Hands across the water
Source: Steve Loader
Local schoolchildren jumped for joy as they celebrated the opening of the new Peters Bridge between Wouldham and Halling.
They had joined more than 130 people for a ‘sneak preview’ of the new crossing, nearly a week before it opened officially.
Two walks, organised by Peters Village developer Trenport and its contractor Bam Nuttall, invited guests from all generations including 60 children from the village schools of Wouldham, Burham, Eccles and Halling – who crossed in the morning – and the four oldest residents of Wouldham and Halling, who were part of an adults’ walk in the afternoon.
For the latter, the walk was also a trip down memory lane as all four remembered the last time this stretch of the Medway was bridged – albeit temporarily – by a WWII Bailey Bridge erected by the Army.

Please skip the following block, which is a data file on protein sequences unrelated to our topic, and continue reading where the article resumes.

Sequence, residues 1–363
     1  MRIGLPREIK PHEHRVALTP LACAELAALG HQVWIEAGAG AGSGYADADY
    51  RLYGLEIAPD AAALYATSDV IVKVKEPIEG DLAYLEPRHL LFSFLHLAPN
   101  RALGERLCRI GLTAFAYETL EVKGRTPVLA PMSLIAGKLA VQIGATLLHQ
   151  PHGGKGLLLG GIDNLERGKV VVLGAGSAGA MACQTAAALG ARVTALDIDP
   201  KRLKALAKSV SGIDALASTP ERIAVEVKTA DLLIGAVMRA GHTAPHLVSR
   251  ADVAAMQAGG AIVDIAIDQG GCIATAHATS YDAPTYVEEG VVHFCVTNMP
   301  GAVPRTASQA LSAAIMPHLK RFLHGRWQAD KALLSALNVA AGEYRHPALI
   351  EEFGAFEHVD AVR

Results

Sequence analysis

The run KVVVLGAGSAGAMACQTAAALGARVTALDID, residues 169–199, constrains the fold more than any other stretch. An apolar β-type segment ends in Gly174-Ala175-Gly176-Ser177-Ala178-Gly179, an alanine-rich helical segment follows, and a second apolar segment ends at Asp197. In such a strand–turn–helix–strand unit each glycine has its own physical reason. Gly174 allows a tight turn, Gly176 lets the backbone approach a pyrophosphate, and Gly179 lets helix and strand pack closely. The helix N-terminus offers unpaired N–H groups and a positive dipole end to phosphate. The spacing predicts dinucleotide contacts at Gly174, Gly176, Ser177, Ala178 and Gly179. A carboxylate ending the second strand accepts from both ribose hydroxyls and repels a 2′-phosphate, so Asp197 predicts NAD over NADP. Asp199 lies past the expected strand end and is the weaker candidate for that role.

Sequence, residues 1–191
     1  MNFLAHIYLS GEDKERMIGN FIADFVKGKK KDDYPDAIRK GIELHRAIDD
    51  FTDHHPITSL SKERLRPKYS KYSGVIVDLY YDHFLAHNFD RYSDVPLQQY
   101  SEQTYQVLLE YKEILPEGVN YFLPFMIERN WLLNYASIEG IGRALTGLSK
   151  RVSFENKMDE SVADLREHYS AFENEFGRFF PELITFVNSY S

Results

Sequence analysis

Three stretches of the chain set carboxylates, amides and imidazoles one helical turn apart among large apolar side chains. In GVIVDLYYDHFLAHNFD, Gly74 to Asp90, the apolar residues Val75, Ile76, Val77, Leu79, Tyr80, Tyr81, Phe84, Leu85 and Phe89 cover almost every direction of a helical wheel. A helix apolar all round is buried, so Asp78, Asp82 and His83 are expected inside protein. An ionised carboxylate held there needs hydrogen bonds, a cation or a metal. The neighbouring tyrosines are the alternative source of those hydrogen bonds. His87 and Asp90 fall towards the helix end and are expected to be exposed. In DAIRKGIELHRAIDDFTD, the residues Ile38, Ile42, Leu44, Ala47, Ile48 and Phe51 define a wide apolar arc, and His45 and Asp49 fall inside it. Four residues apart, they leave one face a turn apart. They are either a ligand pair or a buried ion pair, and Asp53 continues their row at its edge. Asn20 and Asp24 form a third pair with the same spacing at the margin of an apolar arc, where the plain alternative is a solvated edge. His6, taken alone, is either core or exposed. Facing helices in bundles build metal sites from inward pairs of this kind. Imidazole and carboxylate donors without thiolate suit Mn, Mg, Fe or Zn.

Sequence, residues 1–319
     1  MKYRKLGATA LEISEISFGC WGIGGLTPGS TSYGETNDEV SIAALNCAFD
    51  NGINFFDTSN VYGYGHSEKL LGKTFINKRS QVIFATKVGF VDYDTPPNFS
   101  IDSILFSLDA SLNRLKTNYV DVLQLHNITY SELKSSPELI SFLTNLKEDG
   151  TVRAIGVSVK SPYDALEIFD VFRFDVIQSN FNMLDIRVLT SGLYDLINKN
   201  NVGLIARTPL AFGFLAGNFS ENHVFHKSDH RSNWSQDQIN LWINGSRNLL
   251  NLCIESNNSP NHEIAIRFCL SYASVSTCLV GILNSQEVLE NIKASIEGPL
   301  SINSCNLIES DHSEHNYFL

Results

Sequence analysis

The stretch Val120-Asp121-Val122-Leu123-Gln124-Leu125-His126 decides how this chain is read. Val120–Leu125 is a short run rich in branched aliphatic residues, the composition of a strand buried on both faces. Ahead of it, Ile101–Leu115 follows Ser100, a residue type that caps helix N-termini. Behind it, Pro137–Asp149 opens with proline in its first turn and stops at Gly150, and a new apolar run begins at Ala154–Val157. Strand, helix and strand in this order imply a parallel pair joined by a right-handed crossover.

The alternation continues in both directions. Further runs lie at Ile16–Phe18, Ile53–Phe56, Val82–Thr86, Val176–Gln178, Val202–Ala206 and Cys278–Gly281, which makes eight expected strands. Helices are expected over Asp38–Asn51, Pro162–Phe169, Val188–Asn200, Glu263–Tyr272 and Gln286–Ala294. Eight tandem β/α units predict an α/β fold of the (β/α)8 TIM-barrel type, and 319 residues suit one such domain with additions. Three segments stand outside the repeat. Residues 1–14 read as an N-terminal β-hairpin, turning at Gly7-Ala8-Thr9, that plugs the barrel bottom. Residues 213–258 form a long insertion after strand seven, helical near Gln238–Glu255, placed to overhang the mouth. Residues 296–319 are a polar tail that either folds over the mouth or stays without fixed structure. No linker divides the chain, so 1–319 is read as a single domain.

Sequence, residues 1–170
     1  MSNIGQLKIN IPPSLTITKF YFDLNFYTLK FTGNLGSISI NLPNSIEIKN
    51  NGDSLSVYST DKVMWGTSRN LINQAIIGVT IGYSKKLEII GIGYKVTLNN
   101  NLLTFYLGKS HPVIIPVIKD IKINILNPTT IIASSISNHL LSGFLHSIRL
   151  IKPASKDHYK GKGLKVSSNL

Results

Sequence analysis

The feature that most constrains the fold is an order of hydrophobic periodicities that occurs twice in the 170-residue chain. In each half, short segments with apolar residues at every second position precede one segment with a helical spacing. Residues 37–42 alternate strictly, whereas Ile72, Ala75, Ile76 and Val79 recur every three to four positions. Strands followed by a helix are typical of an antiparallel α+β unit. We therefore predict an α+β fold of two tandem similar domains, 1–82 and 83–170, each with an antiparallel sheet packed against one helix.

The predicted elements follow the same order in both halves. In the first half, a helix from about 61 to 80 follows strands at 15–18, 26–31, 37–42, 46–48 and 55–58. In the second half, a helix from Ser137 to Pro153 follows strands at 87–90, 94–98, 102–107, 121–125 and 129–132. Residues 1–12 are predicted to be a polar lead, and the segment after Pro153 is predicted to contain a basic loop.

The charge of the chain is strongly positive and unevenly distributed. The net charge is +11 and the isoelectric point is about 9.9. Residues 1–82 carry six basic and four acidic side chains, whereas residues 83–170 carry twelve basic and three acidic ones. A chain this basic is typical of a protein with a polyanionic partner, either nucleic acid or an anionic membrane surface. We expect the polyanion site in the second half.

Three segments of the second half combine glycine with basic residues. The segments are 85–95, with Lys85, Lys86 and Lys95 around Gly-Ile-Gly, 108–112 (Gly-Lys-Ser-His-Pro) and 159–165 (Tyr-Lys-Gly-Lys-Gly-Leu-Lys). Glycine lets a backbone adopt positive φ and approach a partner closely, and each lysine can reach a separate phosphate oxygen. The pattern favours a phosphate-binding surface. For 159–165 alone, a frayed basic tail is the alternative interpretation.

Wouldham’s oldest residents, Sidney (86) and Mary Cooper (91) said locals used it to get to jobs or just go for new walks.
Mrs Cooper added: “We made new friends and councils fought to keep the bridge after the war, but I think they needed to keep the river open for big boats in those days.”
The couple’s counterparts on the opposite bank, Gladys Parris and Bet Hodkin, both 90, also remembered that other bridge: “They never should have taken it down,” said Mrs Parris, “But we’ve got this super new one now.”
The walk was also marked by a symbolic gesture from the Rectors of the parishes on each bank, who exchanged a fish emblem made by their respective local schools.
The Rev Hugh Broadbent, Rector of Snodland (pictured below right) explained: “Apparently, there was some kind of fishing dispute between the fishermen of both banks, and the then Rector of Burham was responsible for calming things down – oil on troubled waters.”
The Rev Mike Hayes, Rector of Burham and Wouldham, added: “So we thought it would be rather nice to use the new bridge to mark that ‘peace’ and exchange symbolic fish to herald what we expect to be a new era of co-operation between our parishes.”